16. Jan 1, 2017

### ChrisVer

It is similar to a Supernova I think.

17. Jan 8, 2017

### tzimie

I think nobody knows what is the smallest size of strange star
How much gravity makes strange matter stable???

18. Jan 8, 2017

### stoomart

I'm not sure what impact gravity has on strange matter, but stability is thought to exist in strangelets per the strange matter hypothesis (Bodmer, Witten, Farhi, and Jaffe); strangelets may be the true ground state of hadronic matter.

https://en.m.wikipedia.org/wiki/Strangelet
https://arxiv.org/abs/1405.2532

Last edited: Jan 8, 2017
19. Jan 8, 2017

### Chronos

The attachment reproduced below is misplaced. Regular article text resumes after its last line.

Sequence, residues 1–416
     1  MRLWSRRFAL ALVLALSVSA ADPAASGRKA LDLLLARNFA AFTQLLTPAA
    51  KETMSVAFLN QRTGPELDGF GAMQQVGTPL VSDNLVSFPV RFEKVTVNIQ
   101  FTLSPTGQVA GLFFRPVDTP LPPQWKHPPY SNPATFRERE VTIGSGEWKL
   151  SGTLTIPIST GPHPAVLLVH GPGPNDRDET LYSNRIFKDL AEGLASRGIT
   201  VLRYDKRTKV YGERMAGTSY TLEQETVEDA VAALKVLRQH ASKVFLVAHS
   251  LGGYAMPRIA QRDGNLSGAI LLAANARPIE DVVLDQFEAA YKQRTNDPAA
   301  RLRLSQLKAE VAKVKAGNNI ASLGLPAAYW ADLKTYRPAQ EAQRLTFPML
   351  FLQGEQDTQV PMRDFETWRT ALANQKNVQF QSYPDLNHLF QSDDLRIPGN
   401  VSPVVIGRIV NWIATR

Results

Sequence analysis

While no confirmed definitive example of a quark star has been identified to date, several candidates have been found. The best known candidate is a putative neutron star known as 3C 58 in Casseopeia, a possible remnant from the supernova observed circa 1181, in China. Its xray emissions suggests a surface temperature of about 1 million oC - which sounds plenty toasty, but, is only about half the expected temperature of a neutron star at the tender of ~ 900 years. Another good candidate is RX J1856–3754 in Corona Australis, whose effective blackbody temperature is 700,000oC and appears to be 5-10 km in diameter - both much lower than expected for any existing neutron star model. One problem with these possible quark stars is they should be far more common than observed, unless they are naturally unstable and 'rapidly' [cosmologically speaking] morph into something else like an normal neutron star or stellar mass black hole. Even so, if RX J1856-3754 is a quark star, it is still safely larger than its Schwarzschild radius. For additional discussion on these two odd stars, see http://www.solstation.com/x-objects/rxj1856.htm